Romancing the Stone

“Wow, Rosetta Stone isn’t cheap,” I said in response to my friend informing me that he just bought the language series to polish up on his German.  I was thinking back to my discovery in December that learning Italian for my gelato trip would set me back no less than $300 bucks ($175 for a pirated copy on eBay).

“No, it most certainly is not,” he replied, as if to say “It’s not cheap, but it’s worth it to me.”

I had the audacity to call him out for a $300 purchase after I spent the price of a used car on a bauble for my finger.  Value is in the eye of the beholder, I guess, and my values must be f”ed up these days.  What criteria, exactly, do we use to place value things?  Why it is difficult for me to spend $300 to learn a new language and create a richer experience when, this Saturday, I unflinchingly plopped down $375 for this red-carpet ensemble that I will wear only once,  twice if I happen to get invited to a Royal polo match or Spring wedding.

Wouldn’t wearing one of my closet-weary LBDs and spending the cash on the Italian experience have served me better? Where do my priorities lie?



The Ring


I look down at the ring finger of my right hand and I get a little panicked, a little queasy.  I bought a ring. A version of this ring, actually. Mine’s not quite the same, they’re one-of-a-kind pieces, but you get the idea.  A three-carat rustic diamond; I’ve never spent this kind of money on an object that wasn’t attached to a foundation or didn’t have wheels.  Okay, Phoren, breathe.

I got caught up in the moment, with the salesperson telling me to wear it out of the store to “try it out” (brilliant move) and my sisters oh-ing and ah-ing, I just plunked down my credit card, as if I do this every week.  What happened to sensible Phoren who would walk out of the store and only come back if it called to me?  I didn’t give it time to call – shit, I didn’t even give it time to miss me.  It’s not remorse I’m feeling, per se, just the feeling of “holy fuck, what did I just do?”

Last night, I smudged it with white sage to remove my inner-voice’s disapproval.   I bought nail polish to match it.  It looks good on my finger. I like the playful, Gustav Klimt feel of the setting.   It fits me…it fits my personality.  I just need to get used to it.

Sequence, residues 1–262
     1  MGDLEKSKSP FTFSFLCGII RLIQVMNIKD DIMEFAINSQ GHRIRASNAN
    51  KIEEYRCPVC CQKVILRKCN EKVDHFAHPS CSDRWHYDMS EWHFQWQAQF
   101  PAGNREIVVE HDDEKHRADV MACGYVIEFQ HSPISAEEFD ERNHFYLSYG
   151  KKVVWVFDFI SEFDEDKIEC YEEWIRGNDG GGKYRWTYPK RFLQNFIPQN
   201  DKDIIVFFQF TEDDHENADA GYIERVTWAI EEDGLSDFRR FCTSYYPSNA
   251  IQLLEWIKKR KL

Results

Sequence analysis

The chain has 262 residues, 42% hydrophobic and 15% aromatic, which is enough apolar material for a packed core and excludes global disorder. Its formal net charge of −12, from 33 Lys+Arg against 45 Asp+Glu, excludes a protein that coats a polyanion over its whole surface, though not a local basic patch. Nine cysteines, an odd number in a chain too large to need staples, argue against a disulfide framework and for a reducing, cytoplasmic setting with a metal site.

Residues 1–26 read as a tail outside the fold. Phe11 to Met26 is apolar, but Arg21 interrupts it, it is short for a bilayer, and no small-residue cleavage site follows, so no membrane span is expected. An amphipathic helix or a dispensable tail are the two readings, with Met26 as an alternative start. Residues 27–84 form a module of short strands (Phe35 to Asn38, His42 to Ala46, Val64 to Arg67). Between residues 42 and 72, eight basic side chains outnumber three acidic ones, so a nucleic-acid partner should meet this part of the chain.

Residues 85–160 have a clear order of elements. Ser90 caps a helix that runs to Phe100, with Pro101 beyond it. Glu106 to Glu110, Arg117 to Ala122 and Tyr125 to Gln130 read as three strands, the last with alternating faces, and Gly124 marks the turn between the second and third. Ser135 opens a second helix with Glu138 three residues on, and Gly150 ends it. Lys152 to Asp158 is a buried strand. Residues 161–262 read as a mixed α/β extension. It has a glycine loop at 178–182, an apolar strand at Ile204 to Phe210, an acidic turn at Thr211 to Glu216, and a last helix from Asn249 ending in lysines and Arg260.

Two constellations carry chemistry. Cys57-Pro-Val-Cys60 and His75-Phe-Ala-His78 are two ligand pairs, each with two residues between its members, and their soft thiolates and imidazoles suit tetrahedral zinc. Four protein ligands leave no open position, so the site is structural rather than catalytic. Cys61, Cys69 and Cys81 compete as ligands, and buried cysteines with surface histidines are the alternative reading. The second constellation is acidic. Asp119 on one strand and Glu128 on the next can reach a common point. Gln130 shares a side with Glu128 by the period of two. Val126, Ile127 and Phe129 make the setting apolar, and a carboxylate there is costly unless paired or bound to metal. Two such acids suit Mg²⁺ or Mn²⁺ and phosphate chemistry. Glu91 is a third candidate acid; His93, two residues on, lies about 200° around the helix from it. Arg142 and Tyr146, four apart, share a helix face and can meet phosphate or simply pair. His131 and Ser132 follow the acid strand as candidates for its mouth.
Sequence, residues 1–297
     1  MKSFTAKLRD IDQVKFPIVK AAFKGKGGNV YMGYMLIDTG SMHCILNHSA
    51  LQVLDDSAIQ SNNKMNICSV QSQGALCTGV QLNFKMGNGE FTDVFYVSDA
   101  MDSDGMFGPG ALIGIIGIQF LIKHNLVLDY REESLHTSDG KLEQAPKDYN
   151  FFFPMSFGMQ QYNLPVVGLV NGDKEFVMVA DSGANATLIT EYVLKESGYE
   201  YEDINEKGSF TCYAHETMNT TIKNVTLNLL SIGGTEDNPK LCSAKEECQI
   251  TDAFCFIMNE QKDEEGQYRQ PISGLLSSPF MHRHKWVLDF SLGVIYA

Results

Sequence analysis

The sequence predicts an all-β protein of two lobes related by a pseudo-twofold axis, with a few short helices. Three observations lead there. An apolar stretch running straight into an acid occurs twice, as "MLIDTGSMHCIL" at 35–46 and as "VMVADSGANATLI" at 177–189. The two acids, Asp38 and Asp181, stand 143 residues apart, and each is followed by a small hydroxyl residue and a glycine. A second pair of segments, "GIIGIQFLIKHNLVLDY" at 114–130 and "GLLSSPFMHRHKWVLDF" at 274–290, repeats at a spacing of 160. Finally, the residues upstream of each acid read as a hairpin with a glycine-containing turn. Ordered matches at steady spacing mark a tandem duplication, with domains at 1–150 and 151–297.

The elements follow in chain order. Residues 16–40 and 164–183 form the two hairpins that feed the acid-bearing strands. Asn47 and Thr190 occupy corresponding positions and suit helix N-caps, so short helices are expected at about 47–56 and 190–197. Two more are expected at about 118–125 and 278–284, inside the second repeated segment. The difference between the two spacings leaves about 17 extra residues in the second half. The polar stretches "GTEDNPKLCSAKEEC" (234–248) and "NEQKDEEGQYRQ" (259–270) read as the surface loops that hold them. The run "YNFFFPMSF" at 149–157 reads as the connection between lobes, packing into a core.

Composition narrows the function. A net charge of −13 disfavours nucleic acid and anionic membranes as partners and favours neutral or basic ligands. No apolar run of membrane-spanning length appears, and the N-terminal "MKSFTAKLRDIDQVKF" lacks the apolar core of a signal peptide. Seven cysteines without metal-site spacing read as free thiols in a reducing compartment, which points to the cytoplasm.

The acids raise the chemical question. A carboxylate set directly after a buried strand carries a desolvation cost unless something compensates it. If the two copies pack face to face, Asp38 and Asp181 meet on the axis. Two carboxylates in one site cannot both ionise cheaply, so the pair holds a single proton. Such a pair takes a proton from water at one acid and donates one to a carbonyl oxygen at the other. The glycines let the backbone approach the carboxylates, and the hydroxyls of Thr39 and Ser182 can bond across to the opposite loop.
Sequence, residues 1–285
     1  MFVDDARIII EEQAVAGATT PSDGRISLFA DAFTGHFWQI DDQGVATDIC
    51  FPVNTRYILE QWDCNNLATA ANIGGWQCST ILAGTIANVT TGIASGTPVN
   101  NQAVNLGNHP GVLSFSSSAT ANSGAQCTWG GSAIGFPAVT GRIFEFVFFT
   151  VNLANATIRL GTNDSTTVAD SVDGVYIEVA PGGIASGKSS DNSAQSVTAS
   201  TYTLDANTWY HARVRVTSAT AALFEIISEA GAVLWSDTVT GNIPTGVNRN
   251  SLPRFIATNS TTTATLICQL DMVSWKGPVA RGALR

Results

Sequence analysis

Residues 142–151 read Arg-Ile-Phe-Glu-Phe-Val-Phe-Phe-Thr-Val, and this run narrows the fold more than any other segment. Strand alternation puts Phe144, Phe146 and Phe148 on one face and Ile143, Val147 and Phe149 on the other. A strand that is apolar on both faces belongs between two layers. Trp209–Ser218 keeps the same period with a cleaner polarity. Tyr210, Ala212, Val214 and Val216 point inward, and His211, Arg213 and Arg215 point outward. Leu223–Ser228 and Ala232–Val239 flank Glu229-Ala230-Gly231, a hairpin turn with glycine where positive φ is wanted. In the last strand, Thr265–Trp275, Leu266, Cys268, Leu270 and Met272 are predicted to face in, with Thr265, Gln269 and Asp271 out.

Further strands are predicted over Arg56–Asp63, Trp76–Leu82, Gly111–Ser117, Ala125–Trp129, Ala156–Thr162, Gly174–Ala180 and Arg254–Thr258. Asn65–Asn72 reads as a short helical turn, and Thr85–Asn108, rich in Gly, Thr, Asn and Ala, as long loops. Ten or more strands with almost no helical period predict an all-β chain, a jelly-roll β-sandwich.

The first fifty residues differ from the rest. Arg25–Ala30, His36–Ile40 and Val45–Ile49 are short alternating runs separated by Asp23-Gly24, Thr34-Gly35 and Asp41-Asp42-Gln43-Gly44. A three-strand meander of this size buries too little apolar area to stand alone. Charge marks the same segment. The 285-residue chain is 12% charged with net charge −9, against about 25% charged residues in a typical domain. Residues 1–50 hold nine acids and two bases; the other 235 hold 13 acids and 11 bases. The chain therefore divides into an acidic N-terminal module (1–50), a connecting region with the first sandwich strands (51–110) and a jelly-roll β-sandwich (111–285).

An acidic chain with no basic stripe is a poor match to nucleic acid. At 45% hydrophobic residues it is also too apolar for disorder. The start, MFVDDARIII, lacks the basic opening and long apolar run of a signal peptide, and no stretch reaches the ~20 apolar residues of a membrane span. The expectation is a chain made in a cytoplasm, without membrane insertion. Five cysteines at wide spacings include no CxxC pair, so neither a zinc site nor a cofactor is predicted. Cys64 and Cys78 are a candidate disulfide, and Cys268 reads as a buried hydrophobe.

These days, I only wear one bra.  I probably own fifteen, but when it comes down to it, I pull the same trusty friend out of my lingerie drawer day after day.  It has seen better days.  I went bra shopping today, in hopes of adding a few to my collection and laying this one to rest.  No luck.

I’ve got big boobs.  No, they’re not enormous, fake mountains of silicone, but they are large enough.  Definitely more than a champagne glass full.  Three quarters of the bras available are made to push breasts up or mold them together into two butt cheeks of cleavage.  I own one of those bras.  Within a week of buying it, two people at work asked me if I had gotten a boob job.  That’s not why I want my coworkers noticing me.  That bra stays in the drawer, except on very special “first date” nights – it’s not pretty, but it does wonders.  The remaining available bras fall into three categories:  whisper thin, lusciously lacy and fiberfill.  Whisper thin bras are comfortable to wear, but heaven help me should I get cold.  There’s no protection against nipple projection.  While the outline of my rock-hard nipples may look sexy to you, in the office I don’t want to hear, “Is that a push pin in your bra or are you just happy to see me”.  Next come the lusciously lacy bras, beautiful confections of delight.  I own handfuls (or would it be “cupfuls”) of these.  They’re beautiful and cost a fortune.  They are perfect for wearing thirty minutes before you rip them off my body, but all day? No way.  They’re uncomfortable, they scratch and the lacy details show through all but the heaviest of materials, making your average cotton blouse look bumpy and rippled. That leaves us with the workhorse of bras, fiberfill – thick enough to avoid nipple projection but not so full to add volume to the god-given assets.  My trusty truss is fiberfill.  Fiberfill bras are a snooze – they couldn’t be any more utilitarian.  It’s not the bra a man wants to find under a gauzy blouse.  It’s your mother’s bra.  If I’m lucky enough to find the ideal bra – no push-up, fiberfill, with a smattering of pretty lace – then I move into “fit” issues –  muffin tops (my cups runneth over), binding like a Victorian spinster or a cut that ensures a good reach overhead will result in a peek-a-boo nipple.

And so I leave the lingerie department empty-handed yet again.

Note:  I was so disgusted with my inability to find a bra that I went shopping again after work and found two:  a pink one with black bows and a nude lace selection.  Saved.